On-One’s 456 steel hardtail has been around for a while, but this latest version gets bigger 650b wheels and an 11-speed SRAM transmission in a bid to bolster its trail credentials.
Frame and equipment: tidy tubes meet solid spec
The straight, uncomplicated, triple and double-butted tubes used to build the 45650b have been neatly welded together to create a frame that’s more than happy to accommodate a long-travel (as far as hardtails go) fork, with angles that certainly lean towards aggressive riding and trail razzing fun.
The skinny wishbone seatstays give a decent amount of mud clearance out back:
Skinny wishbone seatstays give a decent amount of mud clearance out back:
The 44mm head tube and 30.9mm seat tube will happily host the majority of forks and dropper seatposts, though sadly there’s no internal routing for a ‘stealth’ post. The threaded 73mm bottom bracket shell is surrounded by ISCG tabs, and asymmetrical chainstays and wishbone seatstays meet at a quick-release 10x135mm rear axle.
We opted for the pricier SRAM X01 build but there is a SRAM X9 build for budget conscious riders. Included alongside the ever-impressive 11-speed transmission (actually a mix of X01 and X1 kit) are SRAM’s Guide RSC brakes, ROAM 30 wheels, RockShox Reverb post and Revelation fork, in 140mm (5.5in) travel guise. We really liked the own-brand Knuckleball bar too.
Ride and handling: high angles make for an acquired taste
There’s definitely an element of feeling perched on top of the 45650b, especially when you start slinging it into turns on mellower bits of singletrack. We had to slam the stem as low as we could on the fork steerer to drop the bar height, but even then, it still felt quite high. It’s also hard to ignore the 320mm bottom bracket height, which, even with a 140mm fork, is quite tall. You could drop the fork travel to lower the BB, but that would also steepen the head angle, which, at its current 67 degrees, feels pretty good when pointed downhill.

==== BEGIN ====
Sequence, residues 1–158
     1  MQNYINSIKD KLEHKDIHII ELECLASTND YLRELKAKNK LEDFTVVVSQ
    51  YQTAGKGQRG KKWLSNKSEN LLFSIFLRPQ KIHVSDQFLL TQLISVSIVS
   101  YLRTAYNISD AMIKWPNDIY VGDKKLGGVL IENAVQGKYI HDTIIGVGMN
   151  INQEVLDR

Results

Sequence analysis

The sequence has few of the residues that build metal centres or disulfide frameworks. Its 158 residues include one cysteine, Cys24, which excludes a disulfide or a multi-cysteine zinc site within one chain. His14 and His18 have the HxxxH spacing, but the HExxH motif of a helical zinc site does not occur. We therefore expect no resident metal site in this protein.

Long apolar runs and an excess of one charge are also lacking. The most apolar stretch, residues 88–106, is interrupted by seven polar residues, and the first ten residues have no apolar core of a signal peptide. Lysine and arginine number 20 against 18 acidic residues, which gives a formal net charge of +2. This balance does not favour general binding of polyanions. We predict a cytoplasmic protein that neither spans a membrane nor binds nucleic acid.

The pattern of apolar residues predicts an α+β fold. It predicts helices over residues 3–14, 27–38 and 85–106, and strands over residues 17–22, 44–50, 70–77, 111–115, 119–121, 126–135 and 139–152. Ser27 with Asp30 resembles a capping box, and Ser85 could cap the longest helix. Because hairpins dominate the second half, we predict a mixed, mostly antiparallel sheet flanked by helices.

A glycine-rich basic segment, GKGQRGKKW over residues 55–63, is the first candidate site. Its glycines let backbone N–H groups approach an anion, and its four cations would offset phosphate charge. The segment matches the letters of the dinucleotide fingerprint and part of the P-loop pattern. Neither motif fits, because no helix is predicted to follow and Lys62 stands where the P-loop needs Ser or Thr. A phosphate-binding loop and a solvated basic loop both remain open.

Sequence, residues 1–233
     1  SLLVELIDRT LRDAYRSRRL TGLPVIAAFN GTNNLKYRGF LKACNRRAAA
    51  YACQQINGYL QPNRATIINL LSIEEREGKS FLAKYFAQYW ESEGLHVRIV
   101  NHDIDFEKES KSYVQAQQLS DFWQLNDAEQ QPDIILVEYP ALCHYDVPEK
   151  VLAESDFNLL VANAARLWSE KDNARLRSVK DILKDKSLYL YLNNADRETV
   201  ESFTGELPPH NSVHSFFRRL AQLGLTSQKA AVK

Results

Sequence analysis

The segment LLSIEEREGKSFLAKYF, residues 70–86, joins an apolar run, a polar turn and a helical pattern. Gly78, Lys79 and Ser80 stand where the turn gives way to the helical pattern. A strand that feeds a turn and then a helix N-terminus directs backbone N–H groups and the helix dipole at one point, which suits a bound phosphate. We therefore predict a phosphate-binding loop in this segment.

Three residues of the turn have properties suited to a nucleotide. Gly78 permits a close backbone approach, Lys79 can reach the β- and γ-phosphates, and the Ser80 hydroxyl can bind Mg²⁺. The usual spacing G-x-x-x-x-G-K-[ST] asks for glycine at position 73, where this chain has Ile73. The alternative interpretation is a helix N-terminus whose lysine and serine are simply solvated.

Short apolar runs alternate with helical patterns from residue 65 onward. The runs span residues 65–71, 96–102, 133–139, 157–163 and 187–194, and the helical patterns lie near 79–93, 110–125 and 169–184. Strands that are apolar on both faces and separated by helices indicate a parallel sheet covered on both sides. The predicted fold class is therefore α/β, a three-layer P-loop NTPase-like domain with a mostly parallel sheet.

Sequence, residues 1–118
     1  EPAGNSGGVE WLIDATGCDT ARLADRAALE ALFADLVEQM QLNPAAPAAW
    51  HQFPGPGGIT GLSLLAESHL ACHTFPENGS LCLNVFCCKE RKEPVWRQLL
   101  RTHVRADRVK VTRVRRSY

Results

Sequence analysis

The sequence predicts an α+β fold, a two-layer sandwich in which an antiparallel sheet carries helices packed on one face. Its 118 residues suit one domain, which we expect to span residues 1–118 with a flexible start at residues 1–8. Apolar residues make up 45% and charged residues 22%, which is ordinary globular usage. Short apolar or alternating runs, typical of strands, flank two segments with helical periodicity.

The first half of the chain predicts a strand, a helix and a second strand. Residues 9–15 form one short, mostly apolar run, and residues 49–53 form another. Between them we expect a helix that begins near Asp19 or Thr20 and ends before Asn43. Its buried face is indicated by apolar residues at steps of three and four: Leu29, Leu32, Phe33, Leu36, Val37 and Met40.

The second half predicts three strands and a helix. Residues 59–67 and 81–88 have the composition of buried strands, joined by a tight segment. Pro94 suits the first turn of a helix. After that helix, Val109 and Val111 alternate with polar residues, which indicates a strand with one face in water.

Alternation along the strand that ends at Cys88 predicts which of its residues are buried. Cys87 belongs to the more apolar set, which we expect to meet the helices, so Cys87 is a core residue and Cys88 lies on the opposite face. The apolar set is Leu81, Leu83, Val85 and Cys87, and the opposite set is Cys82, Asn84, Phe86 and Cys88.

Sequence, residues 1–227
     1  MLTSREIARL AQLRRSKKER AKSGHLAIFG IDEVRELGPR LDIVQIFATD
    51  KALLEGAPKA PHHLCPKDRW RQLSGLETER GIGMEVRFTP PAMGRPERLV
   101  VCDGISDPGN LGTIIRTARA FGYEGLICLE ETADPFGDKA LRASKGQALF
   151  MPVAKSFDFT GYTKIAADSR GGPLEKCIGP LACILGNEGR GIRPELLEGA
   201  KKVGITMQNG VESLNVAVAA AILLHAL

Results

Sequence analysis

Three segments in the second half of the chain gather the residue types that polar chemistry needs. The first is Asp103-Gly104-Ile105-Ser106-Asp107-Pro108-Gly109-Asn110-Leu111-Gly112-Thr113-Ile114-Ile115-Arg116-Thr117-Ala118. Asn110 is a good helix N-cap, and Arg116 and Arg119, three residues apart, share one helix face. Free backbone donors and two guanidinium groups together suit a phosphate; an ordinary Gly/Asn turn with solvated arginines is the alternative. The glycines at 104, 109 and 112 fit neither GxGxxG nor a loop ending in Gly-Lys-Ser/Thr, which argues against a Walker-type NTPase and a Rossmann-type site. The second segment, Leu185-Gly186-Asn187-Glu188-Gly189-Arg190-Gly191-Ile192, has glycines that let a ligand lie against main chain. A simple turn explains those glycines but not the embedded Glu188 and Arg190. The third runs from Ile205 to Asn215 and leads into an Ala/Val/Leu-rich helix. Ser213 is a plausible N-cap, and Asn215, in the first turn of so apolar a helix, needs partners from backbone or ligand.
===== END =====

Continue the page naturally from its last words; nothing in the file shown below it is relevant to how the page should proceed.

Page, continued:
On-One’s latest steel hardtail handles pretty well, especially on fast descents:
On-One’s latest steel hardtail handles pretty well, especially on fast descents
The high BB means it takes time to build confidence in the turns. On the plus side, we never snagged a pedal when putting the power down on tree stump riddled off-piste sections. Our 18in frame felt roomy enough in the cockpit on the climbs and the wide gear range and reasonable overall weight meant that winching the 45650b up to the top of the hill was always a comfortable affair.
Get the On-One pointed down steep, technical trails and confidence levels soon creep back up, thanks in part to that high front end, wide bar and short stem. It’s easy to manhandle the bike up and over trail obstacles at speed, and even in the air it feels reassuringly stable. The 140mm Revelation fork – even if it is a little flexy – lets you sit back and clatter down choppy, badly worn trail centre descents as fast as you’re happy to go.
The rear end can feel quite unforgiving after a long stint in the saddle though, especially on really battered surfaces. We’d fit wider, higher volume rubber out back to add a little more cushioning, and a front tyre with a bit more bite.